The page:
The editorial "Privatized dorms raise taxing questions" certainly did just that — it raised questions.
But it didn't really do much in the way of providing answers. And it's important to provide some clarity when significant questions are raised about the University of Kentucky's commitment to our students and their families as well as to the community of Lexington that we serve.
In the interest of answers, here's the rest of the story:
Three years ago, UK — under the leadership of its board of trustees and President Eli Capilouto — began a massive transformation of its infrastructure. Our residence halls, on average, were more than 45 years old. They didn't have learning or community spaces and lacked the technology that students need or that even many of our best high schools in the state possess.
In other words, our facilities didn't match the quality of our students, faculty and staff. We needed to change and change quickly.
The simple fact of the matter is, building and repairing facilities in the traditional way — doing it ourselves — didn't work anymore. In the previous 40 years, we were able, on our own, to construct only four residence halls comprising 686 beds.
Working with a private partner who builds student housing across the country, we've constructed 12 residence halls in three years, totaling some 4,600 beds with 11 high-tech classroom spaces, including nearly 175 study rooms and multi-purpose spaces to support living and learning programs.
We put students first in everything that we do. More students living on campus is good for learning, recruitment and retention. It's also good for the neighborhoods that surround our campus.
And it's good for something else — the economy of our hometown.
No, we don't pay property taxes on those facilities. As an educational institution, we don't pay property taxes on any facilities we own. We are no different from any other university or local school district in that regard, nor should we be.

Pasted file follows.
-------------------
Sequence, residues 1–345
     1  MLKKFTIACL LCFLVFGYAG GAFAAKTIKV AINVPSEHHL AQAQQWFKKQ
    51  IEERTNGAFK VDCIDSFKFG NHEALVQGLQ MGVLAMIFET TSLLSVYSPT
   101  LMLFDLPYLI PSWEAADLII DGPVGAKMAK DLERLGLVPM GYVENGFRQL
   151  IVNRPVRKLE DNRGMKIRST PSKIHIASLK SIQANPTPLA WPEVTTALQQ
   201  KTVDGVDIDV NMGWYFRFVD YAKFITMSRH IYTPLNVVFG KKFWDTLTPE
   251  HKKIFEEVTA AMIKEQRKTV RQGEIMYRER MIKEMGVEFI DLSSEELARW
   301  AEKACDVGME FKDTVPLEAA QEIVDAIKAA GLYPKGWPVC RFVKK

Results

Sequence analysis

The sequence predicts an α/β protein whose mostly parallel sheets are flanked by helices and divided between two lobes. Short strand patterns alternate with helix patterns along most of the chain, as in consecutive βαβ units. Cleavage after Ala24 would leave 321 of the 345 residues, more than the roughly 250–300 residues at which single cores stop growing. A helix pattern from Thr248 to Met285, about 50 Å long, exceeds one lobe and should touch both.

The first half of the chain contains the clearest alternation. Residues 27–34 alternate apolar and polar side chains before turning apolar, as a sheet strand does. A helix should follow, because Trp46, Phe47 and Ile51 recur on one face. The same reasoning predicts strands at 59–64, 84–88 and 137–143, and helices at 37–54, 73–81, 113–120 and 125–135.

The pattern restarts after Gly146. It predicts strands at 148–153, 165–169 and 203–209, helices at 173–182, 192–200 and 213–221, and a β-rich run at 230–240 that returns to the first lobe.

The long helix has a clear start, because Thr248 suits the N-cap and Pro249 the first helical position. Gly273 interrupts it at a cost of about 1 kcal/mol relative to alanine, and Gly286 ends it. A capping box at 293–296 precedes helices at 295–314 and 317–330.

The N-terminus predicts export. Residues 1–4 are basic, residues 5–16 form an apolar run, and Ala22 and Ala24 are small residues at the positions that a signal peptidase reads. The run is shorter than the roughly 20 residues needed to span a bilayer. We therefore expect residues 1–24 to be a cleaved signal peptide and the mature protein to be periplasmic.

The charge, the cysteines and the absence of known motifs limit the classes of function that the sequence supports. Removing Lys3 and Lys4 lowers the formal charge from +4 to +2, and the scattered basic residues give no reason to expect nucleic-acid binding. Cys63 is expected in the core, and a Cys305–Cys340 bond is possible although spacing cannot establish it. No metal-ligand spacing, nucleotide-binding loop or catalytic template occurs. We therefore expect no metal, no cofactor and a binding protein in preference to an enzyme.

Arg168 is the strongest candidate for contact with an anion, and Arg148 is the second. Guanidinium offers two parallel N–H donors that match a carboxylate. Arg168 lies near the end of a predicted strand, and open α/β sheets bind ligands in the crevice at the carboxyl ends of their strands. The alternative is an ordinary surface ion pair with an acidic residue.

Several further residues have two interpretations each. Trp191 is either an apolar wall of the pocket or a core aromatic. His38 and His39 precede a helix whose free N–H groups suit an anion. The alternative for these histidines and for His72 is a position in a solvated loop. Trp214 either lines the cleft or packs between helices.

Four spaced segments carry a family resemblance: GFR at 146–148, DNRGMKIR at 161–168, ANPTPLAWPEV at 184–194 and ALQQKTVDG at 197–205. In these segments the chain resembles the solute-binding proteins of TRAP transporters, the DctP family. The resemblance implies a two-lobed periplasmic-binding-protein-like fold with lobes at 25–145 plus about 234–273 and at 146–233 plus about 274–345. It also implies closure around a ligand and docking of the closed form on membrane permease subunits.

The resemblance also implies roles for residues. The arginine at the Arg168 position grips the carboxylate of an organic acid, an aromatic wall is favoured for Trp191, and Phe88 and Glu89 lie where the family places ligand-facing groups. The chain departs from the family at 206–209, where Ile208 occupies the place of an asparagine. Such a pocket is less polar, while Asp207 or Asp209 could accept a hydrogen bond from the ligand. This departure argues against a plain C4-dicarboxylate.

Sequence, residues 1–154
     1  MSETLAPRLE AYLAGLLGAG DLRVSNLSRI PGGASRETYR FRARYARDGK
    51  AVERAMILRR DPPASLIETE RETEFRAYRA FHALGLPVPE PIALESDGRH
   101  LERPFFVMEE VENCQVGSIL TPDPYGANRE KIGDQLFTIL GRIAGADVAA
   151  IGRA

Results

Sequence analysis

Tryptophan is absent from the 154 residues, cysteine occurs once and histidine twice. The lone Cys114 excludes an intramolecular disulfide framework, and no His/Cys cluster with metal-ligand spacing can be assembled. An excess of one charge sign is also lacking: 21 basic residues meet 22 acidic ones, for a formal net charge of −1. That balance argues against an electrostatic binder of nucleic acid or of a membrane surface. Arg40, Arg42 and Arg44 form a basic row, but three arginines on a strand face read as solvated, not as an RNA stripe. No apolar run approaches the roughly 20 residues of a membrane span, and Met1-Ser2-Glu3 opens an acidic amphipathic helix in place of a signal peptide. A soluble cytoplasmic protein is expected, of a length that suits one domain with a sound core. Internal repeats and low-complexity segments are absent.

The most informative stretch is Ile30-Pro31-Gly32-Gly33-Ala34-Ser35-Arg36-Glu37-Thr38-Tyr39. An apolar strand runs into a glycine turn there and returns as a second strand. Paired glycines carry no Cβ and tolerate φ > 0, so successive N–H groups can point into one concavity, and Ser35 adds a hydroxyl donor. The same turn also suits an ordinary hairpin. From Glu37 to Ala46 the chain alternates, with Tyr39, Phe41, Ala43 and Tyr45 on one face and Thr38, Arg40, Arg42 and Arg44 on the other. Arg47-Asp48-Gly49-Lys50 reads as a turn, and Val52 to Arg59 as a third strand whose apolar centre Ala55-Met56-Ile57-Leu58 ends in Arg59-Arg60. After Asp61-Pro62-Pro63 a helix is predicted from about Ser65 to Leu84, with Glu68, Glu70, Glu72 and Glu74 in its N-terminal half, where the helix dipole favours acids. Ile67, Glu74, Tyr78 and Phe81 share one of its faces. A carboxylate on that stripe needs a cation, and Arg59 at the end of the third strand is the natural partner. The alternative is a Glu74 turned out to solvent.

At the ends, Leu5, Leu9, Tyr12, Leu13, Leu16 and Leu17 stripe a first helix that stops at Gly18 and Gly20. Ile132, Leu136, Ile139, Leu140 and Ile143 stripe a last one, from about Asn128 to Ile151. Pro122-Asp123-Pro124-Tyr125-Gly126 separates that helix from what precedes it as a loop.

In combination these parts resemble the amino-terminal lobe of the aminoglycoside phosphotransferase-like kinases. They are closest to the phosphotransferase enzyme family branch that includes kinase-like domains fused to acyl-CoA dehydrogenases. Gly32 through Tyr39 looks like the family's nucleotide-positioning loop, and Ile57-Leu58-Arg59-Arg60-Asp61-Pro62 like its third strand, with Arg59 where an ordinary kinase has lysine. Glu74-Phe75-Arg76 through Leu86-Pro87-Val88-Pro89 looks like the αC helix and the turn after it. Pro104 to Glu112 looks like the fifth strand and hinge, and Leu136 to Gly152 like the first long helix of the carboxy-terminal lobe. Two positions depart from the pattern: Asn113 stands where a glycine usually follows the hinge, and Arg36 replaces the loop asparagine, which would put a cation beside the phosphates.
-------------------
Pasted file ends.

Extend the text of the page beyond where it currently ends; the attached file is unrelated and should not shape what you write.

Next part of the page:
The only difference with our residence halls is that we have found a different way to finance their construction, a mechanism that has enabled us to build more and do so more quickly and cost-effectively.
But it is a fallacy to suggest that the community has lost revenue as a result. The city never anticipated or contemplated revenues from the construction of residence halls. We've never paid property taxes on such facilities. In other words, you can't lose what you never had.
However, it is inarguable that our transformation is impacting the economy of this community in a profoundly positive way. As Mayor Jim Gray often says, UK drives our economy.
Because of the residence halls alone, an additional $10.2 million in state and local taxes has been generated the past three years and approximately 9,400 jobs have been created.
Additionally, the annual occupational tax paid by university employees in 2014 to local government was $25 million; and, another $3.9 million in school tax for total local taxes of $28.9 million.
Of the $1 billion in construction underway in and around downtown Lexington right now, more than 63 percent of it is university construction. In fact, some $1.7 billion in construction is underway or about to begin on the UK campus — construction that will improve learning and expand our ability to conduct research that helps and heals throughout Kentucky.
In the process, we will create thousands more jobs and millions more in taxes that can be plowed into schools, roads and other basic services. It's no accident that the Lexington economy is growing and that the city is experiencing years of surpluses. Our community is managed well. And it has at its heart a growing university that is stimulating economic investment and growth.
To be sure, we should always raise questions — and be willing to engage in dialogue — about the impacts of growth and our long-term plans as an institution so vital to our community.
We should ask questions. But we also should forthrightly discuss the answers to those questions. In the case of UK, the answers are reason for our community and our commonwealth to celebrate.